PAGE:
You're sitting in a windowless conference room. Twenty minutes into the meeting the presenter finally makes it to slide four of a thirty two- slide deck. At least you can read this one, unlike the others, which were crammed with numbers, graphs and charts. You look around, wondering if anyone else is following the presentation. Just about everyone ...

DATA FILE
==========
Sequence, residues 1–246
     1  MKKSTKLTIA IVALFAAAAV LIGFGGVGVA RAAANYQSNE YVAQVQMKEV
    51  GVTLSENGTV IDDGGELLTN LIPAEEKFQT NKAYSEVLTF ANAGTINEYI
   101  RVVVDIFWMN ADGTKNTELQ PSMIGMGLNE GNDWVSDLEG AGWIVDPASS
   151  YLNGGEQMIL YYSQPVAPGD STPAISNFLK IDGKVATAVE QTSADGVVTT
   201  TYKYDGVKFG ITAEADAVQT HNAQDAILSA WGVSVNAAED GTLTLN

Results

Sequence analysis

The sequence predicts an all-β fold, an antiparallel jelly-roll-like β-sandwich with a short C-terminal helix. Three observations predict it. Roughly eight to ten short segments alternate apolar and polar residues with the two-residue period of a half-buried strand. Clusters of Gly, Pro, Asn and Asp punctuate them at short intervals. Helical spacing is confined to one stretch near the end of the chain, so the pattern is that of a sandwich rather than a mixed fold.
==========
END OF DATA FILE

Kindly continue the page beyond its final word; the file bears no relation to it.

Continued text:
You're sitting in a windowless conference room. Twenty minutes into the meeting the presenter finally makes it to slide four of a thirty two- slide deck. At least you can read this one, unlike the others, which were crammed with numbers, graphs and charts. You look around, wondering if anyone else is following the presentation. Just about everyone these days suffers from information overload the 24/7 explosion from our computers, smartphones, media, colleagues, and customers. Information is essential to making intelligent decisions, but more often than not, it simply overwhelms us. It's like trying to drink from a fire hose. The question isn't how to stop all those e-mails, meetings, conference calls, and fat reports; that's impossible. The question is what to do with them. How do you find the truly essential nuggets of information and use them with confidence? The solution proposed by Christopher Frank and Paul Magnone sounds deceptively simple: Learn how to ask the right questions at the right time. Whatever field you're in, asking smarter questions will expose you to new information, point you to connections between seemingly unrelated facts, and open new avenues of discussion with your colleagues. The authors explain the seven questions that can help you bring a big- picture perspective to problems that often leave others buried in irrelevant details. And they show through real-life case studies- including Trader Joe's, Starbucks, Kodak, Microsoft, iRobot, and IBM-how their method can have a dramatic impact. It really is possible to convert the fire hose of information into useful insights. Consider a nonbusiness example: the 2010 Icelandic volcano eruption that sent a giant ash cloud toward Europe. Tens of thousands of flights were canceled and five million passengers stranded, leading to billions in economic losses. Europe's best scientists generated oceans of data and carefully modeled the cloud's dispersion pattern. But no one could answer the essential question: Was the concentration of volcanic ash in the air enough to damage a jet engine? Without that key answer, all the carefully gathered facts were useless to the decision makers. Once you adopt the seven questions, you'll start having more productive brainstorming sessions. You'll answer critical questions faster and find unexpected solutions to important problems. And you'll get better at communicating to your colleagues with more clarity and focus, turning down the fire hose that other people have to cope with.
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